A P4P story


Category : Medical Rants

During my India trip, one physician told me this story. I will try to get the gist of the story correct. He told the story in response to my lecture on the dangers of guidelines and performance measures.

He was practicing in England at the time this incident occurred. England had just started their P4P project. An older woman was going to see her physician. She was having symptoms of uterine prolapse. Her daughter accompanied her, but she did not let the daughter come into the examination room because of embarrassment.

The physician comes into the room and starts reviewing each of her known medical problems with a focus on those issues that would impact his performance measures. He never asks for her agenda, and abruptly finishes the meeting.

The woman goes back to the waiting room, and has to tell the daughter that she never had a chance to seek help for her concern.

Performance measures can change the physician patient interaction. We are told that medical care should become more patient centered, while focusing on performance measures changes the physicians priorities. We do not have a good measure this concept.

Since quality has many dimensions, we must worry that focusing on some dimensions will decrease our attention to other important dimensions. This story describes a bad medical visit. But the physician likely scored perfectly on his measures.

Comments (7)

Did the patient fill out a satisfaction questionnaire somewhere along the line?
Patients have problems which they may not understand or communicate poorly. The good physician sees through the patient’s story to the nub of the problem. Actually, that is what the word ‘diagnosis’ means. I now sit on the other end of the stethoscope in my retirement. Contemporary physicians look at the computer screen and enter clicks rather than looking at the patient. To me that is the big danger of EHR. I agree that it is easy to create a perfect medical record while not solving problems.

This reminds me of a situation where being paid per injection a doctor declared there was no pain in receiving multiple injections and broke vaccinations down into single doses. This doctor then went on to complain that they could not keep staff that were responsible for these multiple injections, often in infants.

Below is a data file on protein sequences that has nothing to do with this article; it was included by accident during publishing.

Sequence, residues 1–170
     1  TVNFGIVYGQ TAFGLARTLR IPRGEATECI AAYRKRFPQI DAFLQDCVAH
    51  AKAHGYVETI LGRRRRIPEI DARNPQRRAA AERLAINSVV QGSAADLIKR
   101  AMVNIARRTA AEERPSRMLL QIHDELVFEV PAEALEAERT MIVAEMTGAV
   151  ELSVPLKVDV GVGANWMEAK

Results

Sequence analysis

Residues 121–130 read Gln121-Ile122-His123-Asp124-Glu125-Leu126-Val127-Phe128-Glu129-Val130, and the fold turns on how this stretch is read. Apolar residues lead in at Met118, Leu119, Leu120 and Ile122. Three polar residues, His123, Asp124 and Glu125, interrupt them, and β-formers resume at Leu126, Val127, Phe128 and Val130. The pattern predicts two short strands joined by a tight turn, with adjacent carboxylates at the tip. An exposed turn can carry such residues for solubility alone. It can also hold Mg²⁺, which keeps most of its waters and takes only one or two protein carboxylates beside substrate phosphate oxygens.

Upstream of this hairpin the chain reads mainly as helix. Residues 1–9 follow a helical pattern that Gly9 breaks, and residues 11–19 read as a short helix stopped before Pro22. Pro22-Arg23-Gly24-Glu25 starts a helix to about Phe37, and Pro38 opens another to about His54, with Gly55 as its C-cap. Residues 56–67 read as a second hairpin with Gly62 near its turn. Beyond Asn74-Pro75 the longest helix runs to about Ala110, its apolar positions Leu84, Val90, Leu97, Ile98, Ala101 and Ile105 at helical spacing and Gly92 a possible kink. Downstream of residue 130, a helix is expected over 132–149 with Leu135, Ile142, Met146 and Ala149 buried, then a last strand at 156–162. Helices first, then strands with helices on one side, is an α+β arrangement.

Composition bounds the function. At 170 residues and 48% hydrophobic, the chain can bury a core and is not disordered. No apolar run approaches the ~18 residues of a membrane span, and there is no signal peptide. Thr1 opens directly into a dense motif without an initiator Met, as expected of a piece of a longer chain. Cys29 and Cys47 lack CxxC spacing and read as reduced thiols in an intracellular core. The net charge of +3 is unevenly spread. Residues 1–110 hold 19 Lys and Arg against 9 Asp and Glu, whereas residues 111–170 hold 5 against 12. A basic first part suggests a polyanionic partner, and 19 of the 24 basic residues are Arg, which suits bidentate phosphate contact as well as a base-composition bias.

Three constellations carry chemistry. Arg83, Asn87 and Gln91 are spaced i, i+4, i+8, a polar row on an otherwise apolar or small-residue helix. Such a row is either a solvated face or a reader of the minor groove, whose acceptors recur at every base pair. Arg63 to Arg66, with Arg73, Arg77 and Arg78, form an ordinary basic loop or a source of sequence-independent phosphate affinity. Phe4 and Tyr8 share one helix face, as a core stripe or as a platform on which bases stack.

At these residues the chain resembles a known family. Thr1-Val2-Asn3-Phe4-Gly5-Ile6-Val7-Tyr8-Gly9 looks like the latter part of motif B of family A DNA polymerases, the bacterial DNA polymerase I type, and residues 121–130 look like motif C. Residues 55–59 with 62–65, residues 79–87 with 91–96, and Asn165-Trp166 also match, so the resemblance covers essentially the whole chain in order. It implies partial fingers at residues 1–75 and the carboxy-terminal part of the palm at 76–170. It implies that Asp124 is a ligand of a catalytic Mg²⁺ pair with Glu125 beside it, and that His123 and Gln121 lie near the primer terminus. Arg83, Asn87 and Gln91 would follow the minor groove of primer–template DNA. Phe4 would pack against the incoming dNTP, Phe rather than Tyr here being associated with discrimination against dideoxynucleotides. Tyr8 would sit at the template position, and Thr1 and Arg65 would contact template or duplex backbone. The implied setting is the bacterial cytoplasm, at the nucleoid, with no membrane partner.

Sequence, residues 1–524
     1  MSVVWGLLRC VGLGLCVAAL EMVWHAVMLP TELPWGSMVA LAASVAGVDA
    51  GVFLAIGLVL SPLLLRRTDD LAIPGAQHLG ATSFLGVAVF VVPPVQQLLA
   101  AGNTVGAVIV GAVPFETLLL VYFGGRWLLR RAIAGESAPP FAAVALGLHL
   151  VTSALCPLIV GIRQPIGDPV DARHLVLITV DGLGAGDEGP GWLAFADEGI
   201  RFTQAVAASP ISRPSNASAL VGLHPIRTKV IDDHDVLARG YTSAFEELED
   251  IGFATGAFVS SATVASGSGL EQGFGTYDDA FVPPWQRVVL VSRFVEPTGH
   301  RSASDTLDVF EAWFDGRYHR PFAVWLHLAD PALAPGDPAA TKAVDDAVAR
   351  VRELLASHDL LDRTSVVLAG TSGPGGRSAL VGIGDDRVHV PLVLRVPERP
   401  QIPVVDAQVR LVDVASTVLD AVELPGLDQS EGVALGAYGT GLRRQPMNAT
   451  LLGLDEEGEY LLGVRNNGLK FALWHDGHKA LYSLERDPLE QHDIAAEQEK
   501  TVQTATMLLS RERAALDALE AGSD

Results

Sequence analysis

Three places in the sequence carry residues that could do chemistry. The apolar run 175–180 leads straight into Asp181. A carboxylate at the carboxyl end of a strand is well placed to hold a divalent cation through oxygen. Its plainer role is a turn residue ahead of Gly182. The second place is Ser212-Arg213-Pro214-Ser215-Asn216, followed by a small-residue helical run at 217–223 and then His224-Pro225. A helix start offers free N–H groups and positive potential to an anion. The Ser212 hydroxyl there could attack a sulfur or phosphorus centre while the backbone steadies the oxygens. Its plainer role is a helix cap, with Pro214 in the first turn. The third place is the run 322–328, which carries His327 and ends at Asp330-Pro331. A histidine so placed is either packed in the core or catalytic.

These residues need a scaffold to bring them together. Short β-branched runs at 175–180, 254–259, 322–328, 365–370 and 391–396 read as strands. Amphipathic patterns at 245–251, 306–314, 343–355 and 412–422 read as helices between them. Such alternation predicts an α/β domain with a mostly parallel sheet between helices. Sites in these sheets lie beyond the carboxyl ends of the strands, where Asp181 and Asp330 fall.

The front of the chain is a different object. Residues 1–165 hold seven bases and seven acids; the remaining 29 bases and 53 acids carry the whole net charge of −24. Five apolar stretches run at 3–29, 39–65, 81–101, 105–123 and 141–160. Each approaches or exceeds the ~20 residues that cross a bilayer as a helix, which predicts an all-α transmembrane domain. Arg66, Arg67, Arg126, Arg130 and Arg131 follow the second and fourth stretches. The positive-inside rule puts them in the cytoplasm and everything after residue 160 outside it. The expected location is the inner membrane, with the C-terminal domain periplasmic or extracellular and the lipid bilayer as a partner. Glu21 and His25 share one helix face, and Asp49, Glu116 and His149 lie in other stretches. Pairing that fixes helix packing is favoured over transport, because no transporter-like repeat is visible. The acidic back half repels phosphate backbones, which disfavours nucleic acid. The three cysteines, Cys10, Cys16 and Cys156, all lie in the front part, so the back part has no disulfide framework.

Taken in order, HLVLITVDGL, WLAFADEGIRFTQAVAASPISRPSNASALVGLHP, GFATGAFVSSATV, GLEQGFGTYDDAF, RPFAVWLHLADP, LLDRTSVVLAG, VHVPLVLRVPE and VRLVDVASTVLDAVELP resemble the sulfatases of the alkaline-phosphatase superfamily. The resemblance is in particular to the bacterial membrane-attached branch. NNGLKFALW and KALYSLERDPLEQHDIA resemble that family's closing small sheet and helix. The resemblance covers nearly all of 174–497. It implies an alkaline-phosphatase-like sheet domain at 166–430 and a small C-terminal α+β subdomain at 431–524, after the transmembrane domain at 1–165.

Family was not immune. An adult child had a very scary medical emergency that could have been treated as an outpatient, but the doctor parent insisted on a hospital admission. The doctor then ordered blood draws one hour before the attending physicians blood draws so they could have the blood work before the actual care team.

This resulted in the hospital hiring a patient advocate to prevent this type of treatment.

Accidently I ended up in the middle of a confrontation between the child and parent as the parent was chastising the child for going for a follow up blood draw to a person they felt comfortable with, was about the same age, and they had pizza. The parent never understood this was one way for this adult child to take control of their situation.

We also had a heated discussion where I supported the child’s need to know and understand their condition so at some future date they would be able to deal with any questions or follow on issues. The parents totally dismissed this idea as I was not a physician.

The one parent made it very clear they did not welcome my opinion; after all, they were a good doctor.

P4P has many unintended consequences in not just shaping a practice, but also attitudes.

Steve Lucas

The physician practicing in England was simply following the rules defined by his employer. The patient is a template on which to carry out these rules in a large population based quality program.
He would be labeled a bad or low quality physician if he spent less attention to the metrics and more attention to the reason the patient made the appointment.

You have restated my implied point precisely.

It’s the medical equivalent of “teaching to the test”.
Very hard to prevent in any reward-based system; that’s just human nature.
That’s why reward-based systems, while often a good business strategy, are antithetical to what medicine is supposed to be about.
If I had to guess, I’d guess that medicine will become subservient to business in this case.

That is why we must write frequently and passionately about the unintended consequences of performance measurement.

My preferred phrasing of the same point:

We (and the institutions that govern and fund us) allow the measurable to drive out the good.

One possible response is to try to make the good measurable, but because the “good” is nearly infinite, the optimum measure for all of it will always be imperfect. Just asking a patient “did I help with what concerned you when you came to see me” might be a step toward covering the bases..

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